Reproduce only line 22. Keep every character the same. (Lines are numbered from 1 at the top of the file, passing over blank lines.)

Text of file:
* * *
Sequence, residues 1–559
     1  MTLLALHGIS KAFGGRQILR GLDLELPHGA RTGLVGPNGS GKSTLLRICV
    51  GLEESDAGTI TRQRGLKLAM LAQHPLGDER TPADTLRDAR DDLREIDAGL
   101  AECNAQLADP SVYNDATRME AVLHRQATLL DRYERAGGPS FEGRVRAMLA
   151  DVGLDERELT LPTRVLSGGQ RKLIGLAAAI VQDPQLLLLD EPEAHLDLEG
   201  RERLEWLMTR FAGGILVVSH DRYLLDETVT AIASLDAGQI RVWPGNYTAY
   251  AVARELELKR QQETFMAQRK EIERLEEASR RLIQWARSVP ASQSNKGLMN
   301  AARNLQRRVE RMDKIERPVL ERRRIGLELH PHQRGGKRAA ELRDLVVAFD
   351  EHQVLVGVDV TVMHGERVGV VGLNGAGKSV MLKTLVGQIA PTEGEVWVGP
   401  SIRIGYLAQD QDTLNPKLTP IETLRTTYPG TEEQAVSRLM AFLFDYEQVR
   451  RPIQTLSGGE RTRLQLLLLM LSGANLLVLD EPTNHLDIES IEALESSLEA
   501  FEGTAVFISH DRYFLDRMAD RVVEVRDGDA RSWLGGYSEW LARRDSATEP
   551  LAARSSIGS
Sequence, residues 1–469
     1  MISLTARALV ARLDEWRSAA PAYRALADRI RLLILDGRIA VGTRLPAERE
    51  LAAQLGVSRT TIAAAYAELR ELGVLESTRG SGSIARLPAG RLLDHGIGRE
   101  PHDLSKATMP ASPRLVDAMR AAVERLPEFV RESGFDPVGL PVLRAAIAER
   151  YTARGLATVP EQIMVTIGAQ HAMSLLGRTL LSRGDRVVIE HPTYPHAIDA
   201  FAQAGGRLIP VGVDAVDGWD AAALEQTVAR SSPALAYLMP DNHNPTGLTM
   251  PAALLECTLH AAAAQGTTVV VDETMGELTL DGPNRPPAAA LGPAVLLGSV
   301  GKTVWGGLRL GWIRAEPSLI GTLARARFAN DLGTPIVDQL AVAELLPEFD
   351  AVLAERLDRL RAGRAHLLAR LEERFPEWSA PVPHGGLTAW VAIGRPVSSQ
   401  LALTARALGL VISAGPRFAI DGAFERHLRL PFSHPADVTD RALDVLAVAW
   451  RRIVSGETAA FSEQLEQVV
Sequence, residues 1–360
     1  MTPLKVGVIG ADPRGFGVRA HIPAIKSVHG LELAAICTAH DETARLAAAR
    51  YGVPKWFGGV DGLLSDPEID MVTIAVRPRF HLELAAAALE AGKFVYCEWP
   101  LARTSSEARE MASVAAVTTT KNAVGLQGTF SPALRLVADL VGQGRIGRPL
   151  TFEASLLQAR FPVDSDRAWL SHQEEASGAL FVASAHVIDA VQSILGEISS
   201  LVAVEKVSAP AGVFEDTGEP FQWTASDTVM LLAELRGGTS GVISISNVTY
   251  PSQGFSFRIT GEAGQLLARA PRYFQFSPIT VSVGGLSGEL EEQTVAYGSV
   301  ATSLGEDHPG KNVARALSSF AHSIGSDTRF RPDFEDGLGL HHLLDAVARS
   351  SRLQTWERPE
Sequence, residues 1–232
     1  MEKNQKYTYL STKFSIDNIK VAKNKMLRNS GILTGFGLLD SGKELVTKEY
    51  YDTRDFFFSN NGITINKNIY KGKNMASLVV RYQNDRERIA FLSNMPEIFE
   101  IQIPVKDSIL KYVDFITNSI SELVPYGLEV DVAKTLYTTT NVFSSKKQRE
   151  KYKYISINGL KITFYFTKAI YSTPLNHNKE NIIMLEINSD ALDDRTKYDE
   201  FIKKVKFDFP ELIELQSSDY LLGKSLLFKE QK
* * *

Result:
   351  AVLAERLDRL RAGRAHLLAR LEERFPEWSA PVPHGGLTAW VAIGRPVSSQ